Improving the accuracy of home pregnancy tests
Posted on 07/01/2019
The home pregnancy test kit is an essential item for many hopeful would-be parents. A lot of trust is placed in their accuracy, but very occasionally false negatives or false positives can occur.
Home pregnancy kits use proteins called antibodies to detect increased levels of human chorionic gonadotrophin (hCG), which is also known as the “pregnancy hormone.” The test contains two antibodies which can “capture” the hCG antigen: anti-b-hCG is attached in a line on the white nitrocellulose strip, and anti-a-hCG is bound to coloured blue latex particle and held in a dry state. If hCG is present in the urine sample it will bind to the anti-a-hCG, and diffuse down to the test strip, where it is captured by immobilised anti-b-hCG. This means that the presence of hCG in a urine sample will result in the blue line seen on positive pregnancy tests.
Improving understanding of how false positives occur
In order to gain a better understanding of how false positives occur, scientists from the University of Manchester, the University of Sheffield, and Keele University, in collaboration with Swiss Precision Diagnostics, have been using neutron reflection at the ISIS Neutron and Muon Source (ISIS) and the Institut Laue-Langevin (ILL). The ISIS suite of neutron and muon instruments give unique insights into the properties of materials on the atomic scale and ILL is one of the world’s premier neutron scattering facilities. Access to these facilities has allowed the scientists to investigate the structural arrangement of the proteins on a model pregnancy test surface.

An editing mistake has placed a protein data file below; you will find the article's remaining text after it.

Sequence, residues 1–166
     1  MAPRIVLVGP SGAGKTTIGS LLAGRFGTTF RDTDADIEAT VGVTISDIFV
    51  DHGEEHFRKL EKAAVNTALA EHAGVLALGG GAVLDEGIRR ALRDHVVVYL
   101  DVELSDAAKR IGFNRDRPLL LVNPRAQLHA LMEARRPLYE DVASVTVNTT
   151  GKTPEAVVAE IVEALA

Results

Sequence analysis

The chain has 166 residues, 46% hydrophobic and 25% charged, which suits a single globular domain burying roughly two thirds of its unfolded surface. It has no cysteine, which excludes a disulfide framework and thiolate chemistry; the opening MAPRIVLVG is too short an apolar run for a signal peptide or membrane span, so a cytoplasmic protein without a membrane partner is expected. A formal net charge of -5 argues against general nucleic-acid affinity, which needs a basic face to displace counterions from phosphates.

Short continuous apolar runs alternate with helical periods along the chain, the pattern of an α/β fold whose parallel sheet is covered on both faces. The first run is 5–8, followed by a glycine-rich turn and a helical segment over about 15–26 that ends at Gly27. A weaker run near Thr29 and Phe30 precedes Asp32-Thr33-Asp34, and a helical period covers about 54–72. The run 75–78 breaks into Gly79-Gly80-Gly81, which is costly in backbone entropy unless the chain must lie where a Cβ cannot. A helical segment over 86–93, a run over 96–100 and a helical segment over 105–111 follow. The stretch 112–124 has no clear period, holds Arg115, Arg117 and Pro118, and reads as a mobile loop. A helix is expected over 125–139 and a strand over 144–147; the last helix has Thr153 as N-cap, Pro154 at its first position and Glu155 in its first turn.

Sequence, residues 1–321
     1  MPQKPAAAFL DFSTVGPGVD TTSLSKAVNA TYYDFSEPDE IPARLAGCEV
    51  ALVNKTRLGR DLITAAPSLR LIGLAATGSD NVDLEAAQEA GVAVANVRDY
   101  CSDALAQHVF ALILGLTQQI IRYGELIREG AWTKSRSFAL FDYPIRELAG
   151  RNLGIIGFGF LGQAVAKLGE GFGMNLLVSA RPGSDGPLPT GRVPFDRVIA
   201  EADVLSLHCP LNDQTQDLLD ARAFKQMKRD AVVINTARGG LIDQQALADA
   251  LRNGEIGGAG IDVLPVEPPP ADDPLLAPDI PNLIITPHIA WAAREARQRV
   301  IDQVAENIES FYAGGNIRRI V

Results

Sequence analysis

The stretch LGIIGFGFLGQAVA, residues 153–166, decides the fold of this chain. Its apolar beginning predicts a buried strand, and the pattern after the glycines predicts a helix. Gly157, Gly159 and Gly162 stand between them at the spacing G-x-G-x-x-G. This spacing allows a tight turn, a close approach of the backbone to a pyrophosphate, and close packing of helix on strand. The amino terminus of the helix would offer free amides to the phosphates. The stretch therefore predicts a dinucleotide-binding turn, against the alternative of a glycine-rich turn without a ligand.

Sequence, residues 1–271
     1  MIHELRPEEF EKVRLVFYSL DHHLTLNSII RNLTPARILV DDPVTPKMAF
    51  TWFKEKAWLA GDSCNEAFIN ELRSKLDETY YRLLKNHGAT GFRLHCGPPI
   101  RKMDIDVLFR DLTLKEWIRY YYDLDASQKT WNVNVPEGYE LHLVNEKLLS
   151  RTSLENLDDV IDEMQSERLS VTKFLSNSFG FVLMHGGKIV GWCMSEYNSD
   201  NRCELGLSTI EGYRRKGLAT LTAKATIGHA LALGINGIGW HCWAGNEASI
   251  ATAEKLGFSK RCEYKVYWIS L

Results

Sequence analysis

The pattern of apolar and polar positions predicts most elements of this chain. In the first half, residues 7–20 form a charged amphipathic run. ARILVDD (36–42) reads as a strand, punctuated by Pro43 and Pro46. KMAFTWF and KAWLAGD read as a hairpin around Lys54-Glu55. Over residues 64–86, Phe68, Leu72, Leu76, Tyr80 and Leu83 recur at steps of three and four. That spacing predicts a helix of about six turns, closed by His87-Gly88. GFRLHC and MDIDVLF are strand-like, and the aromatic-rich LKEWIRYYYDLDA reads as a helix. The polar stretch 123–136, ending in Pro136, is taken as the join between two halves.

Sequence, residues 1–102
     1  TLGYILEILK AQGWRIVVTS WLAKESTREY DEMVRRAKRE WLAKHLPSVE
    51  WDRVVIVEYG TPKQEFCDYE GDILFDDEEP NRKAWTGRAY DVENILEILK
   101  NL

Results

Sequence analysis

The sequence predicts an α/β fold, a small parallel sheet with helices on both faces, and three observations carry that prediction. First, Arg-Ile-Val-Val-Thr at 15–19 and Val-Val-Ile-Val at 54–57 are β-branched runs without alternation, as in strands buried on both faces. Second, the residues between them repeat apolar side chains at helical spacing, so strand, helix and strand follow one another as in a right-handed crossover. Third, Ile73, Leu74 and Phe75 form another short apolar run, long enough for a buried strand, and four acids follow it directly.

Prof. Jian Lu, University of Manchester, said:
“The results of this study, showing the molecular interactions, are critical to the control of specificity and consistency of the test devices. The results are also of importance for a full understanding of similar systems that are being developed for clinical diagnostic tests and in the detection of environmental contaminants.”
Yu can read the full case study on the ISIS website here.
Science and Technology Facilities Council (STFC) centres
Science and Technology Facilities Council (STFC) centres, such as the ISIS Neutron and Muon Source, work with industry and the research community – from early stage SMEs to international corporations – to address real life challenges and accelerate the adoption of high performance technologies, delivering transformative gains in performance, productivity and time to market.
STFC’s Bridging for Innovators (B4I) programme is designed to help companies gain access to advanced analytical technologies, expertise and capabilities such as those at the Hartree Centre. B4I gives industries access to unique laboratories and the ability to engage with world class researchers and innovation specialists.
STFC B4I Life Sciences Event, 26 March 2019
STFC and Diamond Light Source are hosting a free event on 26th March at the Rutherford Appleton Laboratories (RAL) to highlight how B4I support can specifically meet the needs of the pharmaceutical and biotech industries.
Taking part in this event will give you the chance to:
- find out more about B4I funding opportunities for life sciences companies
- explore the capabilities of world-class scientific research facilities to address complex challenges in life sciences
- discover how other companies have benefited from using the B4I partner facilities to advance their own R&D challenges
- network with fellow peers
- participate in a guided tour of the facilities, to see first-hand the capabilities available and identify R&D opportunities for your company
You can view the programme and book your place here.
This event is being hosted at the Visitor’s Centre, Rutherford Appleton Laboratories (RAL), Harwell Campus, Didcot, OX11 0QX.
Note: Registration will close at midnight on 17th March 2019.